In this multipart series, Andrew Bernstein, author of The Myth of Stress, presents to CrossFit athletes and coaches his process of dealing with stress.
In Part 7,the group analyzes a new stressful situation: “I should be the best right now.”
Bernstein allows the participants to individualize the stress they feel about striving to be their best and feeling like they aren’t there yet. Using the worksheet, they work through the problem, describing their feelings and actions stemming from the stress. As they flip around the sentiment to negate it, they hit a potential problem. Saying “in reality, at this time I should not be the best” feels demotivating and defeatist to the group.
“It takes a little bit of practice doing this to trust the process enough to see that’s not where it actually goes,” Bernstein says.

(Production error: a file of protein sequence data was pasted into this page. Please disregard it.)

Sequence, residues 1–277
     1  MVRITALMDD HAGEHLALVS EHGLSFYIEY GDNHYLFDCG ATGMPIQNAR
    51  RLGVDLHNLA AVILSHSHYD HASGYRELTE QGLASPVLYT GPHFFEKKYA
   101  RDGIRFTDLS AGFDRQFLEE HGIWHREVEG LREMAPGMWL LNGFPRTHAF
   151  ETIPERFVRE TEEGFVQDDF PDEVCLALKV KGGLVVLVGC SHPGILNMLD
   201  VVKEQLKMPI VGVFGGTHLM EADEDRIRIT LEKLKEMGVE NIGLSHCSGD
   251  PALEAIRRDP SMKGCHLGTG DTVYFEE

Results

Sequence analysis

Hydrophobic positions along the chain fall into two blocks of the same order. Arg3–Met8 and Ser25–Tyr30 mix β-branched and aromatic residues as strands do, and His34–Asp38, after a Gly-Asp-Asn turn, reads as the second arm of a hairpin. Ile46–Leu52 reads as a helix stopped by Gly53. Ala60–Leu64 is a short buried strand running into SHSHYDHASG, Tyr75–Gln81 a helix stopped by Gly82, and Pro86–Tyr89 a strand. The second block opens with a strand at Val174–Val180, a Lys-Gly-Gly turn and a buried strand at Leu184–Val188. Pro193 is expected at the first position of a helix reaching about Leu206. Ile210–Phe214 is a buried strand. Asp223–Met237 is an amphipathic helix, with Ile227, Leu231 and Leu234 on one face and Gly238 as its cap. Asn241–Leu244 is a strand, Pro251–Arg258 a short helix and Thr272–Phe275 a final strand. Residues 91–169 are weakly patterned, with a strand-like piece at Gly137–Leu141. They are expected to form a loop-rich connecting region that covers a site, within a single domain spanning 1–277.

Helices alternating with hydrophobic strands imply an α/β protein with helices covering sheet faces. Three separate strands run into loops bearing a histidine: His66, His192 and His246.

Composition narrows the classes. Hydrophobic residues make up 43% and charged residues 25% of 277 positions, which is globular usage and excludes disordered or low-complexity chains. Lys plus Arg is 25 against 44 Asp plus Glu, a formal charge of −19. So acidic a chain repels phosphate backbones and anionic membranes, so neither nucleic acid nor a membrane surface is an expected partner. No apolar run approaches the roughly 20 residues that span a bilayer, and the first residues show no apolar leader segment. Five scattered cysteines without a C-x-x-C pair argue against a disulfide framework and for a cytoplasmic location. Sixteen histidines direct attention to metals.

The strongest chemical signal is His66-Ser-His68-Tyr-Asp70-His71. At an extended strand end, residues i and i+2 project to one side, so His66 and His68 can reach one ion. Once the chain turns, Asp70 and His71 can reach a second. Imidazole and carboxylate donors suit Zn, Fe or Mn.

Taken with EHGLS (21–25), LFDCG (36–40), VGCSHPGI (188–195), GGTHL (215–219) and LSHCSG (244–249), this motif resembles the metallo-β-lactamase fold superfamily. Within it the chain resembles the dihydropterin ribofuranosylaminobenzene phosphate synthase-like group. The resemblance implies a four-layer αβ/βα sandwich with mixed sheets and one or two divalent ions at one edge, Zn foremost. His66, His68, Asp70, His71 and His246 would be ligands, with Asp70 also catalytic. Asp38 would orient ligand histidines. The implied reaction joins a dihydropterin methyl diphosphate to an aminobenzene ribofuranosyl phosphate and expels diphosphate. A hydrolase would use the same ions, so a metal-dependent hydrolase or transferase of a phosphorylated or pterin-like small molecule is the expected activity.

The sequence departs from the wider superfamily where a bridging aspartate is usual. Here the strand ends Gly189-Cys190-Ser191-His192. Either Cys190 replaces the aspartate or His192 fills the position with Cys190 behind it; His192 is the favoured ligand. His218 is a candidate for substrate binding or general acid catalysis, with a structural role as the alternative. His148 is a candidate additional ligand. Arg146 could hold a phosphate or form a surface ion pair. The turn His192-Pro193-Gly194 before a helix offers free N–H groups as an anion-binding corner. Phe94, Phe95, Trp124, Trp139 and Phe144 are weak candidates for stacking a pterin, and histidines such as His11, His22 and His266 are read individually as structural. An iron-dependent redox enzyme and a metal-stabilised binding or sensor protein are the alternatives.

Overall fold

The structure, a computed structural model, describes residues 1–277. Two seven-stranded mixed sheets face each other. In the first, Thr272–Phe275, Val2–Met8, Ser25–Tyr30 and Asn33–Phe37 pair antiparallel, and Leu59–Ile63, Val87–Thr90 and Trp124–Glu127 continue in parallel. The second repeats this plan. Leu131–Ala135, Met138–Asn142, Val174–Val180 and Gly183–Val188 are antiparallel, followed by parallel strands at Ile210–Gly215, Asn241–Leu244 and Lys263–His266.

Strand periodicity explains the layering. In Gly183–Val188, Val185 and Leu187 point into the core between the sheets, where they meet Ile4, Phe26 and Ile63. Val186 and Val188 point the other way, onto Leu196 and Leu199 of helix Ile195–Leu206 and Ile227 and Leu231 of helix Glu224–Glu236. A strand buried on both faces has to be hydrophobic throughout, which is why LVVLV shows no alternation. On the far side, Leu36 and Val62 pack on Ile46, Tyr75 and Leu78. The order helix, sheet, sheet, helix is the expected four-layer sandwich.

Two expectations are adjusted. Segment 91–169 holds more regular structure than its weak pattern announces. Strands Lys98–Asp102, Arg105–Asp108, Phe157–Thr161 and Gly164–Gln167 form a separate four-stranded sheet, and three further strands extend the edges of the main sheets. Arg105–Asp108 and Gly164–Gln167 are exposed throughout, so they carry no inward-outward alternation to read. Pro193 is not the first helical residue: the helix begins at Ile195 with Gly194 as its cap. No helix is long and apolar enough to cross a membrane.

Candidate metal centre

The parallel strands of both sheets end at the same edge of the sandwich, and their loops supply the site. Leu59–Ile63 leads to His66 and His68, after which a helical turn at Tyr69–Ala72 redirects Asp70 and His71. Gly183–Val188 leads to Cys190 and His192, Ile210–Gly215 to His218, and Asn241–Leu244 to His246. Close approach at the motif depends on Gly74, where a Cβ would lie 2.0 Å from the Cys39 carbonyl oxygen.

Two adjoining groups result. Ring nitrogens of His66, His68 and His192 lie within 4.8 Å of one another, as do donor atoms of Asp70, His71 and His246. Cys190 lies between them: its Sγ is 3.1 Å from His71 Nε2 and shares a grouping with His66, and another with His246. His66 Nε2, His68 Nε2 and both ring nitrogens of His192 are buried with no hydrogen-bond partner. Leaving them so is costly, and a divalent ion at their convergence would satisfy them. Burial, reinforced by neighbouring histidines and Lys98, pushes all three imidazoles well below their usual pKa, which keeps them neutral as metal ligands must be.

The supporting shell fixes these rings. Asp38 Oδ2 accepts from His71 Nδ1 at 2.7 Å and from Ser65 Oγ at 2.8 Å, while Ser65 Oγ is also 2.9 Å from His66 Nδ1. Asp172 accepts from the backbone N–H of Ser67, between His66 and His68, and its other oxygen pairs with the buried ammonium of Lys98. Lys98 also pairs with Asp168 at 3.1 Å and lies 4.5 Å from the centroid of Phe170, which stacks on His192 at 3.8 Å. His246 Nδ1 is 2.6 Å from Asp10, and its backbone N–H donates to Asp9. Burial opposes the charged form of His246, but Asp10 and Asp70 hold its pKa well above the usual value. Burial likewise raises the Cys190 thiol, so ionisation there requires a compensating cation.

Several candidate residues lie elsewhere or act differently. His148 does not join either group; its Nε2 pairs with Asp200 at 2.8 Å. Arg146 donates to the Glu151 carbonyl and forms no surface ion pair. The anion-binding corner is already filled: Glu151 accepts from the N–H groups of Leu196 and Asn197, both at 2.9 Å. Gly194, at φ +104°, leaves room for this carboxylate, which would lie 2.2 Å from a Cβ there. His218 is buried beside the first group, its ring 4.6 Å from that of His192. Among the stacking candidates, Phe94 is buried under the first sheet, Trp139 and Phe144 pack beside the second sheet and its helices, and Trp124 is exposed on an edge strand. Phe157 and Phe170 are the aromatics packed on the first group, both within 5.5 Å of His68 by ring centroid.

“It’s like a muscle that’s never been stretched, you know, and this asks you to stretch it in a way that’s awkward, but when you do a few of these and you understand what ‘should’ means and what this asks you to do, it makes more sense, and it will actually start to seem really cool,” Bernstein says.
In Part 8, Bernstein asks the participants to list reasons why the statement “in reality, at this time I should not be the best” is true. It’s an uncomfortable but constructive task for the group. According to Bernstein, finding reasons why you fall short helps you find ways to improve.
“When you realize ‘I did my best and now I’m going to find out what I didn’t do right and practice that and train that and do even better,’ that’s a clear mind,” he says.
“We’re just trying to see reality,” Bernstein says. “This will help you get honest with yourself.”
Additional reading: The Positive Impact of Physical Fitness on Emotional Fitness by Dr. Brooke R. Envick and Rick Martinez, published May 25, 2010.